Merkel holiday mystery preoccupies much of German media
Chancellor’s break from predictable vacation pattern sparks rash of speculation
German chancellor Angela Merkel and husband Joachim Sauer (in white) enjoy the music of Richard Wagner in Bayreuth, southern Germany. Photograph: Matthias Balk
Angela Merkel is a creature of habit, even in her summer break. And in the last decade she has effectively had the same holiday: staying in the same hotel and hiking the same paths in the Dolomites of South Tyrol, often wearing exactly the same outdoor clothes as the previous year.
Until her husband was seen on holidays without her in recent days, and the normally restrained German media went into overdrive. Where, they asked, was Angela Merkel?
Their concern tells a tale about how off-duty politicians here usually are left alone – in particular Dr Merkel, perhaps the most private public figure of the modern age.
Partly it is a reflection of her own personality. She was 35 when the Berlin Wall fell and the lessons she learned from her parents growing up in the informer-riddled East Germany – tell no one your business – were deeply ingrained by then. But even she lets a little personal detail slip out sometimes. After an annus horribilis in Berlin, even she confessed at her summer press conference last month: “I won’t deny I like when I have a few days’ holidays and can sleep a little longer.”
The question of recent days, though, was: where is she sleeping? Usually journalists can set their watches by her schedule. First summer holiday stop is Bayreuth, in the Franconia region, where the Wagner-loving leader enjoys an opera marathon at the annual festival.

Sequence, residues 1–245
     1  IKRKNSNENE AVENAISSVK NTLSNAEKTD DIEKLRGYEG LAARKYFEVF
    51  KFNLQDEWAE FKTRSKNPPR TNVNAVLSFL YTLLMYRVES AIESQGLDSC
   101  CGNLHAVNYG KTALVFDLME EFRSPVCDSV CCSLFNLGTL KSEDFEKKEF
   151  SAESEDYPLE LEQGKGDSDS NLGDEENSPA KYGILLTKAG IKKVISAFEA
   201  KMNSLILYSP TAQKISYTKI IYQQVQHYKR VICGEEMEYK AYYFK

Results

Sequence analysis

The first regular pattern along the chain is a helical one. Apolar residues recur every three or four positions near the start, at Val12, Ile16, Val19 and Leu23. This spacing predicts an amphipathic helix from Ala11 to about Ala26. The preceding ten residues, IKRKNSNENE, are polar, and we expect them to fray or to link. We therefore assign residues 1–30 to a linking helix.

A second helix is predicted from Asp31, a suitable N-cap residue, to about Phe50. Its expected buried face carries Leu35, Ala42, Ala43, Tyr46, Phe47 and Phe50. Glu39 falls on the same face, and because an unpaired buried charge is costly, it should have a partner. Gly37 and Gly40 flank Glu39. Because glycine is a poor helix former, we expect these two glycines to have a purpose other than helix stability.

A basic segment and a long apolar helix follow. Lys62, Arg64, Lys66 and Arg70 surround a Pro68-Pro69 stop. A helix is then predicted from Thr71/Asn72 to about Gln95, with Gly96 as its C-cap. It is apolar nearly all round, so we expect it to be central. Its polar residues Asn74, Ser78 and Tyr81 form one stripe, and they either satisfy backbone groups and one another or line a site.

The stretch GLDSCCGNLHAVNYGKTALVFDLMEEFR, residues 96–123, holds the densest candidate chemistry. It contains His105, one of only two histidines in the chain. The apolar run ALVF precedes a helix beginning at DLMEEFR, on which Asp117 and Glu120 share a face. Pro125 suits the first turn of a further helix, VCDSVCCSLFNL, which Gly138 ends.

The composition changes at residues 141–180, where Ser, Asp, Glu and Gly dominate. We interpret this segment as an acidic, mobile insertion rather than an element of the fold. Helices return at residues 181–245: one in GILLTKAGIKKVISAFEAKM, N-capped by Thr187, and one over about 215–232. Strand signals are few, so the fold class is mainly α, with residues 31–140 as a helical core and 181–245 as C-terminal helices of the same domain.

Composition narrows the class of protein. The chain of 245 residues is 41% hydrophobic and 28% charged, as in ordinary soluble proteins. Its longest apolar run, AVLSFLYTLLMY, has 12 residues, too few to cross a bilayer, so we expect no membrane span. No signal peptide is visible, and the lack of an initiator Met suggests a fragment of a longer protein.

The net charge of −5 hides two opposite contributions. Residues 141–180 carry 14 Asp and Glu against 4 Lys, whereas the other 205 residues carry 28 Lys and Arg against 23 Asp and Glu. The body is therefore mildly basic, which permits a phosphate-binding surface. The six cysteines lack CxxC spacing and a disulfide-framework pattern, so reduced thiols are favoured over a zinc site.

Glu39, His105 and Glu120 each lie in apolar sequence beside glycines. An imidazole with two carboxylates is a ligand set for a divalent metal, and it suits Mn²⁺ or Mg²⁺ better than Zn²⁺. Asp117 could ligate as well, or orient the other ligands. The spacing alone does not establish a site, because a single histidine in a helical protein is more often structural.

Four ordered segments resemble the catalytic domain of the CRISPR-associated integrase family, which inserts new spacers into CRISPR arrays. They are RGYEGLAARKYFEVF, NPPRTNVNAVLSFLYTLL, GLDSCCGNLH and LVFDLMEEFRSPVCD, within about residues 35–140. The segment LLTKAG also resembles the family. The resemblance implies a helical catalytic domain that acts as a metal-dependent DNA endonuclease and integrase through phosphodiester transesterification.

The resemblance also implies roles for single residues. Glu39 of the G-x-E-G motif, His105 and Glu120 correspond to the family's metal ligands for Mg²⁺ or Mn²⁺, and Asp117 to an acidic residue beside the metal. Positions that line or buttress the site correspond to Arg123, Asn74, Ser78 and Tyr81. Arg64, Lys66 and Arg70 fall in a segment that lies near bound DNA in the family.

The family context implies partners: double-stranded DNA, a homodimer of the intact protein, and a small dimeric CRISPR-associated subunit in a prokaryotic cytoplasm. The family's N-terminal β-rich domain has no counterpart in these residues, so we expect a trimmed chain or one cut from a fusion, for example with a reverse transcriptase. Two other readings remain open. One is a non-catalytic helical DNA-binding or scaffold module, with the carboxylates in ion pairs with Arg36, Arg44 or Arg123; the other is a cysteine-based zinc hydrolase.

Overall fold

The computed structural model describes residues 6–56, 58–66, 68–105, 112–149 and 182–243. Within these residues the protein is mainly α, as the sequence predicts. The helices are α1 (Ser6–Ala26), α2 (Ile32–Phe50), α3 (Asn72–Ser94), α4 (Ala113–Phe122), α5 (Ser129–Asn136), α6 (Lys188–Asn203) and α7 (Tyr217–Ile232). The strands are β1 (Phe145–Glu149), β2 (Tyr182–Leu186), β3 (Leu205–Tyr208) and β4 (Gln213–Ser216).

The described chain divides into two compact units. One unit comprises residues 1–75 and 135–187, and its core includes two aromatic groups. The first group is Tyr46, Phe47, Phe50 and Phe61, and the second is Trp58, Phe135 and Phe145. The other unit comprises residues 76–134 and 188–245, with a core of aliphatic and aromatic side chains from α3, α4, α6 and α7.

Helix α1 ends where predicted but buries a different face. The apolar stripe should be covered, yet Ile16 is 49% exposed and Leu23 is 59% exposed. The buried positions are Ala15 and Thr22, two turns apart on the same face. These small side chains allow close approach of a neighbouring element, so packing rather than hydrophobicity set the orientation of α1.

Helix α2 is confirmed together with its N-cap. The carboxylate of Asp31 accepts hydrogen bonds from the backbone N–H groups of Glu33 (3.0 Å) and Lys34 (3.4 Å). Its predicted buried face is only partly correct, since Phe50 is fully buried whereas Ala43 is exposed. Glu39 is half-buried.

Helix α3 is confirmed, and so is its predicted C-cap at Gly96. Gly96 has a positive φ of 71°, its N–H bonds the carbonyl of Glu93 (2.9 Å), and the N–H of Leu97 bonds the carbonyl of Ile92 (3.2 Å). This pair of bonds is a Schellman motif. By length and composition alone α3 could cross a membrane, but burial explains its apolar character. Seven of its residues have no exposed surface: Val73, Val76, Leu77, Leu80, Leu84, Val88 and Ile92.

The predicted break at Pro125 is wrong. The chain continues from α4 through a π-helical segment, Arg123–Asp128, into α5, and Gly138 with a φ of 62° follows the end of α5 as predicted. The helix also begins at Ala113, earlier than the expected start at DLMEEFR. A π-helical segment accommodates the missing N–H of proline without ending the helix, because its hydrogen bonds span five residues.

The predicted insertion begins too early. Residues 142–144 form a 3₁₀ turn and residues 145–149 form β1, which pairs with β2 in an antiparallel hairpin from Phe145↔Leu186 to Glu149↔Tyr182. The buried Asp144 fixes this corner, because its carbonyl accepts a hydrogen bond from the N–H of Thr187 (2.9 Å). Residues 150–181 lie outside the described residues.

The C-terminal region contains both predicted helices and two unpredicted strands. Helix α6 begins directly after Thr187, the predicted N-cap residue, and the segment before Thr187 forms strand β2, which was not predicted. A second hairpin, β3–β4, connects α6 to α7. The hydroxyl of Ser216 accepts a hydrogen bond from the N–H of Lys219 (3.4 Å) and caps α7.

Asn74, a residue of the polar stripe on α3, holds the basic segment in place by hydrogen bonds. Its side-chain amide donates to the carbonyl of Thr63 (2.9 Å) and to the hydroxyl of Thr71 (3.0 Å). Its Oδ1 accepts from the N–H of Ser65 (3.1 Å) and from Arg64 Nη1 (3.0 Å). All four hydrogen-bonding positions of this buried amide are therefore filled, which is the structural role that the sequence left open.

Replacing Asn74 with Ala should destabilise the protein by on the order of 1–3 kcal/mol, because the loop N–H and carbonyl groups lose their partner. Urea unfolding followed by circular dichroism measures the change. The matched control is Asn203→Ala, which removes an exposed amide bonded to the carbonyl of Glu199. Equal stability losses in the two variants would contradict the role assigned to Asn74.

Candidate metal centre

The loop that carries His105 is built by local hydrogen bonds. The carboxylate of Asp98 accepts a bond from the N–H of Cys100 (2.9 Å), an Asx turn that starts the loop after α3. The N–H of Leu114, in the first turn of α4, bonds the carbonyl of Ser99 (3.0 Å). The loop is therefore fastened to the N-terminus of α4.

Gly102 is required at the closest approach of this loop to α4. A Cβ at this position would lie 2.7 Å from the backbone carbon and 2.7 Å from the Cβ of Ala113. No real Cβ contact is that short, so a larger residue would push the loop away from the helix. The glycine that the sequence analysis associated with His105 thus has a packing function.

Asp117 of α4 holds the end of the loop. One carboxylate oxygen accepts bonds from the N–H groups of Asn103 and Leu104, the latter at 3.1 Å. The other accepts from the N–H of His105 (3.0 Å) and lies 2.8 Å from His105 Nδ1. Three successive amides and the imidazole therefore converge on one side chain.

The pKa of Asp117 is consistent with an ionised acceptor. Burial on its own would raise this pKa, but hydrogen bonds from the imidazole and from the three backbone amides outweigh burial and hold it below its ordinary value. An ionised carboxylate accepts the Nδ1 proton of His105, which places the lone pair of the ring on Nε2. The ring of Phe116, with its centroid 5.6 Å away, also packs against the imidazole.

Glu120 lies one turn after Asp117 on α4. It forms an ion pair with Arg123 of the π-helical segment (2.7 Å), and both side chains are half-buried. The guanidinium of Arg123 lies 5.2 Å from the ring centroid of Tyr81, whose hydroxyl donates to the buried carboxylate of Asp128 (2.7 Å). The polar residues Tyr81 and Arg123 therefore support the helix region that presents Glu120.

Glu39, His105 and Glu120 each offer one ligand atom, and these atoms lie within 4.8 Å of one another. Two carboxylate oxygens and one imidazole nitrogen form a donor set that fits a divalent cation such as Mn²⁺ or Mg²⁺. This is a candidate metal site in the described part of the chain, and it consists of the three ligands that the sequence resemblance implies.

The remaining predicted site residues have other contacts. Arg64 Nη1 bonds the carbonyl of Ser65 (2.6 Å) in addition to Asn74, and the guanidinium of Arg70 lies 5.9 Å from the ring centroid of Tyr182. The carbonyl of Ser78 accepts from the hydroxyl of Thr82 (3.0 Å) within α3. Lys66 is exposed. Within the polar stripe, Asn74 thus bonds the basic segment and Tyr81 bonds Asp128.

Then she and her husband, retired physicist Joachim Sauer, head further south to Italy’s northernmost region.
But not, it seems, this year. When paparazzi pictures popped up of Dr Sauer hiking – not with his wife at his side – but a son from his first marriage, alarm bells began ringing in editorial offices around the country. What was she up to, the Bild tabloid wanted to know, presenting its readers with more questions than answers in a story headlined: “The Mystery of Merkel’s South-Tyrol Holiday.” Adding to the air of mystery was her spokesperson who declined to give any details as to the chancellor’s whereabouts – fanning even higher the flames of speculation.
“The chancellor is relaxing for a few days,” the spokesperson said. “She is always reachable, fully able to work and at all times informed about current developments.”
The chancellor was most likely unaware of the interest in her plans, or the swarm intelligence at work to piece together her whereabouts. Instead of the mountains there was a birthday dinner with friends in a favourite Berlin schnitzel restaurant, then she attended a five-hour production of Wagner’s Parsifal at Munich’s state opera.
The solution to the Merkel Mystery was, in the end, fascinatingly mundane. Few politicians here ever seem to get up to high jinx, even though robust privacy laws give them considerable discretion in protecting their private sphere. Media lawyer Christian Schertz told Munich’s Merkur daily: “If a chancellor doesn’t want that anyone knows where she is in a private capacity, then it’s nobody’s business.”